Episode #19

Six Strategies for Creating Writing Momentum

Writing is a practice that we probably all need to practice more. But it can be hard to get the ball rolling. I’m sharing 6 strategies to build momentum, so you can ride out the rough writing days and not let them stop you in your tracks.


Momentum infuses writing with energy and helps your writing practice take on a life of its own. When you’ve created some writing momentum, you reduce guilt and overwhelm (writing’s two biggest enemies) because you feel like you’re on task and in charge. In this podcast episode I’m sharing six strategies to help you jump start a writing practice that has been on pause, or breathe new life into one that has begun to feel like a chore.

Six Strategies for Creating Writing Momentum


Strategy #1: Small, Consistent Sessions

It would be awesome to have big, clear chunks of time for writing. But usually, we don’t. If you’re waiting for those times to magically appear, your writing practice may have stalled out. 

To get it going again, aim for short, consistent sessions every day. Use your “tiger time”; those times when you are most energized, focused and ready to work. {Not sure what Tiger Time is or how to find out when yours is? Listen to Episode 2: Why You Don’t Have to Write Everyday (and What to do Instead)}

“Just one hour in the zone moves the needle more on your writing than 3 hours where you have to force yourself to concentrate.”


Strategy #2: Create Cycles of Positivity Around Your Writing

Sometimes your difficulty in creating consistent routines isn’t so much about you, but about your to-do lists. A big mistake that academics often make is creating a to-do list that looks like this:

  • write article
  • finish book chapter
  • submit grant proposal

And then they feel bad all the time because those tasks are always sitting there—for months and months—on their to-do list. This creates negative feelings around writing. Here’s how to fix this problem and create positive feelings about your writing to-dos.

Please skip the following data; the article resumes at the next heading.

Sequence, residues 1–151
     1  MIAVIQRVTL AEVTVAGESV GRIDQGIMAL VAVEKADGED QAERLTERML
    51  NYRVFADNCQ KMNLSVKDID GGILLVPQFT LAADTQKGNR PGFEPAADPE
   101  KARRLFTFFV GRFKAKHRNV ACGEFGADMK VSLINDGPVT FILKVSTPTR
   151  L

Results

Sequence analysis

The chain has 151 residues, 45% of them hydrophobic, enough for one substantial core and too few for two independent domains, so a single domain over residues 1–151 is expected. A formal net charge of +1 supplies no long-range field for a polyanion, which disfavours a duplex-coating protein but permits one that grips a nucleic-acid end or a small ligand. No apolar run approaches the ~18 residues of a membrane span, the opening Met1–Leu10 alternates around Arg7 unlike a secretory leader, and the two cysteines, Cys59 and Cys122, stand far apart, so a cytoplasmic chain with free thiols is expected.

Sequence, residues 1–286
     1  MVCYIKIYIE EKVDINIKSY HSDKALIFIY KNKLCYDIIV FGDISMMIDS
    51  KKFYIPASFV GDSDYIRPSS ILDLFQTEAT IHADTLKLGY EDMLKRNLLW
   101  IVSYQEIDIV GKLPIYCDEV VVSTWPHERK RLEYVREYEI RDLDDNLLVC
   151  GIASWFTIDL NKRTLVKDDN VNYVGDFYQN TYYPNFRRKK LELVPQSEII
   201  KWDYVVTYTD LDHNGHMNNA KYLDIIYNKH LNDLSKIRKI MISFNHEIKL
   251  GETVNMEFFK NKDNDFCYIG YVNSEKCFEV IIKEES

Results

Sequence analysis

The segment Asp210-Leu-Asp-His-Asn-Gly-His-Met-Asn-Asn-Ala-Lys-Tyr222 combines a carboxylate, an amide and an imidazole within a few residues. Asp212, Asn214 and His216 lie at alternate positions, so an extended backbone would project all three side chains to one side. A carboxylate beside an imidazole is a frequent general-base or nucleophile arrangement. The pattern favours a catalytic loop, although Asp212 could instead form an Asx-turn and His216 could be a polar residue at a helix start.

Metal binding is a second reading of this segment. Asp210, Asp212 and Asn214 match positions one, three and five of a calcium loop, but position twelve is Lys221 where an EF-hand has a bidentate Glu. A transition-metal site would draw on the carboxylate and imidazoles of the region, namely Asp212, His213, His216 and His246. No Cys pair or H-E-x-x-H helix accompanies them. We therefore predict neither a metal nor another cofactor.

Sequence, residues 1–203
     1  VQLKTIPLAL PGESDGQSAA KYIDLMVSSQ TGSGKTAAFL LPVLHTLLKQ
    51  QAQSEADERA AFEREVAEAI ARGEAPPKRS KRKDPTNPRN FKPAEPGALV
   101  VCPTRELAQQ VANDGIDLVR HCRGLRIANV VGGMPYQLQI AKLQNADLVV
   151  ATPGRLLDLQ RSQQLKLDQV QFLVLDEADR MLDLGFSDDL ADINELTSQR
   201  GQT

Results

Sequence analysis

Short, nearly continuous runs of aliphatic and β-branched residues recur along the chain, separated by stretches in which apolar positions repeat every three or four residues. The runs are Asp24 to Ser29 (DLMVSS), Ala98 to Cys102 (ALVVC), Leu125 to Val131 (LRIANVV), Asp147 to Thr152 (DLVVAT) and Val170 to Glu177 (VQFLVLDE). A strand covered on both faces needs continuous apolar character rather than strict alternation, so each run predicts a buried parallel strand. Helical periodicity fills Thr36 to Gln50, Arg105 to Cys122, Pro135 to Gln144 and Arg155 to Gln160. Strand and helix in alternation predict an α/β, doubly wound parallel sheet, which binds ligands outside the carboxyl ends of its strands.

Think about the big tasks as projects. For each project (write article, finish book chapter, submit grant proposal) you need to create a list of all the tasks that it’s going to take to finish it. When you plan your writing sessions, pull from this list of broken-down tasks, and be sure you choose tasks that you have time to actually finish. 


Strategy #3: Create Writing Rewards

Giving yourself rewards for accomplishing your writing goals increases those positive feelings. You want to be excited about writing, looking forward to your tiger time, not dreading it. So once your writing task list is full of goals that are small enough that you can both measure them and accomplish them realistically in the time that you have, be sure to set up some rewards. I use two kinds of rewards.

  • Reward type #1 is a big reward that you give yourself when you submit something for publication (or review, like a grant). This needs to be something all about you, that really nurtures you and makes you feel great. (Go out for a fancy meal, get a massage, take an evening out with your partner.)